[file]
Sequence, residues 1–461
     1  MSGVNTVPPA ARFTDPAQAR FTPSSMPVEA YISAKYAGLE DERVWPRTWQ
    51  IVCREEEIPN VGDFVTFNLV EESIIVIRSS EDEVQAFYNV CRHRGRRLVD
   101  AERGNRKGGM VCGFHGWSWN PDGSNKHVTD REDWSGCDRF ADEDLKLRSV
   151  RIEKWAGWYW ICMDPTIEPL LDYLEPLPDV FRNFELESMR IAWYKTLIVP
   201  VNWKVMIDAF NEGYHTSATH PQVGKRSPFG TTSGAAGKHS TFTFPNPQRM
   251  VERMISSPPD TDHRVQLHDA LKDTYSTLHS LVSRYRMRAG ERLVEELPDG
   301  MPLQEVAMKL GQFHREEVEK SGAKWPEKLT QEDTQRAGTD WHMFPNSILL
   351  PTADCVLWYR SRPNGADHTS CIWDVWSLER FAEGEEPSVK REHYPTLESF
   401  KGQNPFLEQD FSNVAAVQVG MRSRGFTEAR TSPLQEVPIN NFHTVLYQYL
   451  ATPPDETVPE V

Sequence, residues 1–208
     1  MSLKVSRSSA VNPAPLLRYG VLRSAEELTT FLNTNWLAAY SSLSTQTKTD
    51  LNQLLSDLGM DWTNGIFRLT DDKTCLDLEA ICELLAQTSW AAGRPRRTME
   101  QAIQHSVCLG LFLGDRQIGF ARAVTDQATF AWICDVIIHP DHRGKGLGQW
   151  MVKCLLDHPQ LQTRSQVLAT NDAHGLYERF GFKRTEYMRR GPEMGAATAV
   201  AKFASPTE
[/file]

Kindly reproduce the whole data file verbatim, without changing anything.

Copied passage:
Sequence, residues 1–461
     1  MSGVNTVPPA ARFTDPAQAR FTPSSMPVEA YISAKYAGLE DERVWPRTWQ
    51  IVCREEEIPN VGDFVTFNLV EESIIVIRSS EDEVQAFYNV CRHRGRRLVD
   101  AERGNRKGGM VCGFHGWSWN PDGSNKHVTD REDWSGCDRF ADEDLKLRSV
   151  RIEKWAGWYW ICMDPTIEPL LDYLEPLPDV FRNFELESMR IAWYKTLIVP
   201  VNWKVMIDAF NEGYHTSATH PQVGKRSPFG TTSGAAGKHS TFTFPNPQRM
   251  VERMISSPPD TDHRVQLHDA LKDTYSTLHS LVSRYRMRAG ERLVEELPDG
   301  MPLQEVAMKL GQFHREEVEK SGAKWPEKLT QEDTQRAGTD WHMFPNSILL
   351  PTADCVLWYR SRPNGADHTS CIWDVWSLER FAEGEEPSVK REHYPTLESF
   401  KGQNPFLEQD FSNVAAVQVG MRSRGFTEAR TSPLQEVPIN NFHTVLYQYL
   451  ATPPDETVPE V

Sequence, residues 1–208
     1  MSLKVSRSSA VNPAPLLRYG VLRSAEELTT FLNTNWLAAY SSLSTQTKTD
    51  LNQLLSDLGM DWTNGIFRLT DDKTCLDLEA ICELLAQTSW AAGRPRRTME
   101  QAIQHSVCLG LFLGDRQIGF ARAVTDQATF AWICDVIIHP DHRGKGLGQW
   151  MVKCLLDHPQ LQTRSQVLAT NDAHGLYERF GFKRTEYMRR GPEMGAATAV
   201  AKFASPTE